The normality of datasets were previously tested. Datasets corresponding to different sampling dates at a given sampling site were compared by multiple comparison tests (χ2 for k independent samples) for all taxa with relative frequencies >1% (Zar 1999). When significant differences were detected we applied a comparison of two proportions test (Zar 1999) for each individual taxon in order to identify which groups showed significant variation. This test allowed us to determine to what extent the results of the biotic indices corresponded to changes in faunal composition observed in the study, and thus how sensitive each index is in reflecting community structure.

The ratio between FFG's was calculated to estimate the environmental health (Moulton 1998) of each sampling point, following Cummins et al. (2005). We used the following FFG proportions to characterize ecological conditions in each stretch of river: P/R-the ratio of autotrophy (animals that consume algae and vascular plants-P) to heterotrophy (animals that consume leaves of riparian vegetation-R); CPOM/FPOM-the relationship between the input of course particulate organic matter from the riparian forest (CPOM) and that of fine particulate organic matter from the river's own food web (FPOM); TFPOM/BFPOM: the relative dominance of transported fine particulate organic matter (TFPOM) with that deposited in sediments (BFPOM); and the stability of the substrate (as suggesting by Cummins et al. 2005).

 

Results

The rainfall data obtained for the watershed during the sampling period (April 2005-April 2006) show rainy periods in April 2005 and February 2006 and "dry" periods in July 2005, October 2005 and April 2006. It is important to point out that there is no true dry period. It was considered as a dry period when the pluviosity was below 200 mm.

At the two sampling points we collected 8,677 individual macroinvertebrates belonging to Insecta, Crustacea, Acarina, Oligochaeta, and Mollusca. Insects dominated throughout the sampling period, especially the families Chironomidae and Simulidae (Diptera), Elmidae (Coleoptera), Hydropsychidae (Trichoptera), and Baetidae (Ephemeroptera).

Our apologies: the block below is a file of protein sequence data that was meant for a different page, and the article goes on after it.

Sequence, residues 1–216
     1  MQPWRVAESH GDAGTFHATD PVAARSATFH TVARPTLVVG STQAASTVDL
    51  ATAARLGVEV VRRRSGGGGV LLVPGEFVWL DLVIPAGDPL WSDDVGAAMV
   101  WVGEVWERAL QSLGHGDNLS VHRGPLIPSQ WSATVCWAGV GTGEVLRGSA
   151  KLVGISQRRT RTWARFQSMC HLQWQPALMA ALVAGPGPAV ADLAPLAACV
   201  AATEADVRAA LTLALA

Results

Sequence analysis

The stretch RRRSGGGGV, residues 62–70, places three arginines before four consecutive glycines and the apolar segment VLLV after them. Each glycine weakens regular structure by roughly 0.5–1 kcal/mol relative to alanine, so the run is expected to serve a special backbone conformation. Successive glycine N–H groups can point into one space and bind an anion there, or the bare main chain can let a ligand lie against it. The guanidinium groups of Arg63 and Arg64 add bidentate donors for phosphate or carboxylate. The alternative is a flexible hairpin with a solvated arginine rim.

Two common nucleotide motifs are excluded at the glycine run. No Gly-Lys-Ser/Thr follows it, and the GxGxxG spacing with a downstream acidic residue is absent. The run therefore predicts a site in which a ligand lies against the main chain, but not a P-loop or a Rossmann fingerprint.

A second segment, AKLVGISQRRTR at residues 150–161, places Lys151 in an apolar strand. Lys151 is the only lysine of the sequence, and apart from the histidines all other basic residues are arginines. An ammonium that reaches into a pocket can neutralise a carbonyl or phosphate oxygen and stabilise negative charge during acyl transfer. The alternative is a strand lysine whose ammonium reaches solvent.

Across the entire sampling period, Point 1 yielded more individuals (6,571 in 58 taxa) than Point 2 (2,106 in 41 taxa). Samples taken in April 2005 and April 2006 yielded the largest number of individuals for Point 1, with 2,121 and 1,853 individuals respectively. At Point 2, the greatest number of individuals sampled was 748, in April 2006. The smallest number of individuals in a sample at Point 1 was 819 in February 2006; the comparable figure for Point 2 was 232 in April 2005.

When the scores of the biotic indices are grouped in four diagnostic categories (very good = 0; good = 1; average = 2 and bad = 3), it is clear that the BMWP' index was not influenced by rainfall. That index showed "very good" water quality at Point 1 in April 2005 (rainy) and July 2005 ("dry"), periods which had very different levels of rainfall. At Point 2, the index recorded "good" water quality in April 2006 and "average" on all the other sampling dates (Figures 1 and 2). The BMWP' index (Table 2) described water quality at Point 1 as "excellent" in July and April 2005, indicating very clean and crystal-clear waters, and "good" on the other sampling dates. Scores for Point 2 showed "acceptable" quality on all sampling dates, except for "good" scores in July 2005 and April 2006.

The BMWP'-ASPT index showed greater sensitivity to rainfall at Point 1 (Figure 1), indicating "very good" water quality in dry season and "average" water quality in rainy months. At Point 2, however, the index was not influenced by rainfall, indicating "average" water quality for all the sampling dates except April 2006 ("very good") (Figure 2). The BMWP'-ASPT index gave more similar results for the two sampling points (Table 2), scoring almost all samples as indicating "doubtful" water quality. The exceptions were April 2006, when the index indicated "excellent" water quality at both sampling points, and July 2005, when it indicated "excellent" quality at Point 1.

The EPT index are not influenced by the rainfall at Point 1, indicating "good" water quality (Figure 1) in October 2005, "bad" water quality in April 2006, and "average" quality for the remaining sampling dates. At Point 2, this index showed almost the same results in all periods (Figure 2). the EPT index (Table 2) was more stable and homogeneous, scoring almost all the samples as "average" or "good" quality, except Point 1 in April 2006, which was designated as "bad."